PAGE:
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00Z GFS 0.5° & GEFS 1.0° 10 hPa 60°N [U] ensemble plume
Climatological values use the full ERA-Interim record (1979-2019). Members exceeding 41.2 m/s are classified as having a “strong vortex event” following Tripathi et al. 2015, whilst those with winds below 0 m/s indicate either a major sudden stratospheric warming (SSW) or the final stratospheric warming (FSW). GEFS members with a strong vortex are only shown in blue if there are no members with easterlies, to avoid any potential overlap.
Please note that the GFS and GEFS are currently different models. The GFS was upgraded to the new FV3 dynamical core in 2019, whilst a similar update to the GEFS is expected in 2020.
00Z GFS 0.5° 10 hPa 60°N [U] forecast evolution
White crosses indicate a strong vortex event (>41.2 m/s) following Tripathi et al. 2015. A good forecast would form an invariant vertical line (i.e. with decreasing lead-time, the forecast remained constant).
00Z GEFS 1.0° 10 hPa 60°N [U] ensemble-mean forecast evolution
00Z GFS 0.5° 60°N zonal-mean zonal wind forecast cross section
Click here (opens in a new tab) to view/animate forecast maps of the 10 hPa vortex.
00Z GFS 0.5° 40-80°N average departures from zonal-mean geopotential height
Click here (opens in a new tab) to view/animate a vertical cross-section.
CFSv2 1.0° 10 hPa 60°N [U] bias-corrected ensemble plume
This is produced following the archiving style used in the S2S database, i.e. today’s 00Z initialisations are combined with the 06, 12, and 18Z initialisations from yesterday to create a time-lagged 16-member ensemble, out to 44 days. The bias is calculated as the difference between the 1999-2010 hindcasts and ERA-Interim reanalysis. The CFSv2 has a significant bias toward a weak vortex (shown here as a function of launch date), especially for forecasts launched in early winter, so accounting for this drift is necessary.
It should be noted that a simple linear bias correction does not necessarily solve the problems produced by the bias, as the bias can interfere with the model dynamics.
00Z GEFS 1.0° 100 hPa 60°N [U] tercile categories
The tercile-category anomaly of the lower-stratospheric polar vortex, defined by the 100 hPa 60°N zonal-mean zonal wind, has been used as a diagnostic for the behaviour in the ‘coupling layer’ between the stratosphere and troposphere, i.e. the level in the stratosphere where circulation anomalies are important for influencing tropospheric weather regimes (e.g. Charlton-Perez et al. 2018, Lee et al. 2019). The chart below shows the percent of GEFS members in each tercile anomaly category, based on daily 1979-2018 ERA-5 climatology.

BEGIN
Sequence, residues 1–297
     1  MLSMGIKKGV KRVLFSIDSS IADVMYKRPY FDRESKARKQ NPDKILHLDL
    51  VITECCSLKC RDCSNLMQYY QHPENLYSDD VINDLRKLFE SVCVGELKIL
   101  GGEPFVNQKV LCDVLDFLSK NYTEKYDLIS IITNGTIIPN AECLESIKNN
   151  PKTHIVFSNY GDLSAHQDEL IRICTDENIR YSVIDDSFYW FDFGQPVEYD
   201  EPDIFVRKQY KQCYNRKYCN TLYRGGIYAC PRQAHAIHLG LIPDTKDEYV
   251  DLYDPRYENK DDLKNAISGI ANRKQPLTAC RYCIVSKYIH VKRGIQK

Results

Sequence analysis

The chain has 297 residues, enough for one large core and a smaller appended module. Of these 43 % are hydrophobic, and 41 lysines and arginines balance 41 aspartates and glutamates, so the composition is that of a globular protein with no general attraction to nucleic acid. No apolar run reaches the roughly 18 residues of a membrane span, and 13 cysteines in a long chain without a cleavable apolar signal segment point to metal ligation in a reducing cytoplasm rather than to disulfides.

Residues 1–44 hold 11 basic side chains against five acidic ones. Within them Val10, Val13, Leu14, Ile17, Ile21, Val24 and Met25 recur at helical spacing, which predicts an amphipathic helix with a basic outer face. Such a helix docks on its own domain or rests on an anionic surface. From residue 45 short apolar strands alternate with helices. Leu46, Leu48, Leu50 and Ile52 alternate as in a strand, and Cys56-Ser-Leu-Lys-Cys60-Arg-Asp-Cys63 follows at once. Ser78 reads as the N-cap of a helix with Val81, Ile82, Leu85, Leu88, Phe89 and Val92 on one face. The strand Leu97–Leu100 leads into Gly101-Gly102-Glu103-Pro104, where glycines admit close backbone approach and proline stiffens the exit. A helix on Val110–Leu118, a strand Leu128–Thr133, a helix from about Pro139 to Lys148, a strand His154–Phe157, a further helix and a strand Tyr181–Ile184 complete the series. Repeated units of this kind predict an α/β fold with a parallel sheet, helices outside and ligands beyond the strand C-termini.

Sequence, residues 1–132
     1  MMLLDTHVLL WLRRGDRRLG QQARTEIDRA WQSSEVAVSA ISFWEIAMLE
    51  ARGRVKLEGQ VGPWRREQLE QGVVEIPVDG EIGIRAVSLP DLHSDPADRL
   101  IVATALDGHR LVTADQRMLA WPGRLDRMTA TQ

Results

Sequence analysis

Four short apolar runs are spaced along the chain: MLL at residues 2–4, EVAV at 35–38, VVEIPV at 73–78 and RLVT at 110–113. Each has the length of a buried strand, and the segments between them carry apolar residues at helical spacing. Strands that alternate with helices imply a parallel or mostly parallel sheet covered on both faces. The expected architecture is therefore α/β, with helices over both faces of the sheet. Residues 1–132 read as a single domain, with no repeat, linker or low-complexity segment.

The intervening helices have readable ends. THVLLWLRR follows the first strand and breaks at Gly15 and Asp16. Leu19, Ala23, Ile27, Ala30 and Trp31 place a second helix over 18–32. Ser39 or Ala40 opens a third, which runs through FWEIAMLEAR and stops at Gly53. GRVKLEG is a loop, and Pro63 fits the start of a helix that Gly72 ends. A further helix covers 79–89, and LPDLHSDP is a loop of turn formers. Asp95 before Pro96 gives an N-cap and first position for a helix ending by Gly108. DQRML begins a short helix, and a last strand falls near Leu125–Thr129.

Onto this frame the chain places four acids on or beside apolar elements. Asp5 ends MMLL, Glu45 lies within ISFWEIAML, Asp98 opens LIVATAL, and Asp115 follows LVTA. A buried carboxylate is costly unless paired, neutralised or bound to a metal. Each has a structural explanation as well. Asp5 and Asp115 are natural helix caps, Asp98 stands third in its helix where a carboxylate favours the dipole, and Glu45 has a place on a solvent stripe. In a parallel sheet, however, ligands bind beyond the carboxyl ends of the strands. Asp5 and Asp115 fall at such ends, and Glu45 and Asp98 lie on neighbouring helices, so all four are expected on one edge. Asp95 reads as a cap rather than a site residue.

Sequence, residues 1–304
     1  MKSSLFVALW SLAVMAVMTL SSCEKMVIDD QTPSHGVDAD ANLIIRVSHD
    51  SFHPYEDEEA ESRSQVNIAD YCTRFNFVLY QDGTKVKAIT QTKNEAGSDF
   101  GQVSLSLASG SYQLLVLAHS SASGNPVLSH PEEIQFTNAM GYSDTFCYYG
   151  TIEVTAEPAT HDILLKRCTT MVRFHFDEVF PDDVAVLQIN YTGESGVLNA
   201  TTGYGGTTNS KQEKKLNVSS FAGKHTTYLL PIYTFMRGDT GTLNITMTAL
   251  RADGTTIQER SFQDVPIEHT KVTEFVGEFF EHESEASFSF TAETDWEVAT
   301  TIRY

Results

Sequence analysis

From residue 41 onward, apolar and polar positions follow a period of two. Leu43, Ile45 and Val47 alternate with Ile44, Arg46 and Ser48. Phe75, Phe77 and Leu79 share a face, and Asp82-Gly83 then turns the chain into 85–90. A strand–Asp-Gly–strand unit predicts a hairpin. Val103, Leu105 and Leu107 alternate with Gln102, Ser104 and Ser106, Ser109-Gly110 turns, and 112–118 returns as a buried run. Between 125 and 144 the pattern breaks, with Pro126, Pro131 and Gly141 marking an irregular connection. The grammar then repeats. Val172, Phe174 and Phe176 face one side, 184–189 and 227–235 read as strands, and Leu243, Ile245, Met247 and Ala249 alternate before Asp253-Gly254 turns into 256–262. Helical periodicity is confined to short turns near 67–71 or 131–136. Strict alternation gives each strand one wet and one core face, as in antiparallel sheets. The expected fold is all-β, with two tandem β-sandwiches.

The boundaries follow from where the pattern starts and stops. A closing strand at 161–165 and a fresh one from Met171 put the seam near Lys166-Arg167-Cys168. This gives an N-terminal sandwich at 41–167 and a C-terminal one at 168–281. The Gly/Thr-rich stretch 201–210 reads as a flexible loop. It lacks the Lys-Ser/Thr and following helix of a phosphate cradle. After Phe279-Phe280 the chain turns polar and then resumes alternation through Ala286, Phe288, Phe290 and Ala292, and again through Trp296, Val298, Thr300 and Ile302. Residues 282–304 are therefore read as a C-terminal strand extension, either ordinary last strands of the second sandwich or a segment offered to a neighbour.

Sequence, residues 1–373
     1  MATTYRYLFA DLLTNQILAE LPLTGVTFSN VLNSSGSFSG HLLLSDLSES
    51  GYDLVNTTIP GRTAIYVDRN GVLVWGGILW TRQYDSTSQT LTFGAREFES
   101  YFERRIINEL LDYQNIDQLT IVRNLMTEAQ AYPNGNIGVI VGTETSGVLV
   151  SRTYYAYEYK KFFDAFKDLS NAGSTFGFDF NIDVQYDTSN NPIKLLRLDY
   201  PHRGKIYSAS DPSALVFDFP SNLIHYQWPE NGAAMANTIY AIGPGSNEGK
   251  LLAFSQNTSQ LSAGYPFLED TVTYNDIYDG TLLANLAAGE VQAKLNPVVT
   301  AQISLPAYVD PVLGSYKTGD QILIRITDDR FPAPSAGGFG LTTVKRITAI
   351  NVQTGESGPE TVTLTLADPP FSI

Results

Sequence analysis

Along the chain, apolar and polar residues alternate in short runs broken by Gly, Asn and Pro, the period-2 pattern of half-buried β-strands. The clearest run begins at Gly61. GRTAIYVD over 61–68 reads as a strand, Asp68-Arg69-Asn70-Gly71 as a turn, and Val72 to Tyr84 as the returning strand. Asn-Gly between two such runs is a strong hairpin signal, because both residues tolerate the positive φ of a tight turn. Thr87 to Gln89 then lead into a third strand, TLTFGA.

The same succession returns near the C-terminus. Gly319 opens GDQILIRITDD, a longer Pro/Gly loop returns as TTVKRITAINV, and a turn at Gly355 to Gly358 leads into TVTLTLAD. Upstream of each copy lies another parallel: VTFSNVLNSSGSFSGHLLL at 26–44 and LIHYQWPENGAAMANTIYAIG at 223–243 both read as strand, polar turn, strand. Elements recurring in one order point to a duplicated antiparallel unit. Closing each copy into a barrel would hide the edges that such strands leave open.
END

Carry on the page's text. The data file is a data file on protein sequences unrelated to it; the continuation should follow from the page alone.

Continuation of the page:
Weak = lower tercile; neutral = middle tercile; strong = upper tercile. The letter and number at the top of each bar indicates the category with the greatest ensemble support and the percent of members in that category.
00Z GFS 0.5° & GEFS 1.0° 1000 hPa Northern Annular Mode (NAM) ensemble plume
This is calculated using the method of Gerber and Martineau (2018) using standardized anomalies of 65-90°N geopotential height (with respect to 1979-2018 ERA-Interim climatology) with the global mean anomaly removed. I thank Zac Lawrence for calculating the filtered ERA-Interim climatology used here.
00Z GFS 0.5° & GEFS 1.0° Scandinavia-Greenland dipole ensemble plume
This dipole pattern, defined in Lee et al. (2019) as the MSLP difference between a grid box over Scandinavia and a grid box over north-east Greenland, can be used as a diagnostic of anticyclonic wave breaking in the north-east Atlantic which can enhance vertically-propagating wave activity and weaken the stratospheric polar vortex. In the paper, we use 40 hPa as a threshold (strong Scandinavia high + deep Greenland low) as this is similar to what occurred before the February 2018 major SSW, but values above 30 hPa are noteworthy.
About the data processing
The data are retrieved from the NOAA NOMADS server. Issues with NOMADS may cause problems with data updates. The data analysis is performed on the Reading Academic Computing Cluster (RACC) at the University of Reading, primarily using Python. Issues with the RACC or other university IT services may interfere with what is shown on this website. It is possible to check the status of the RACC.
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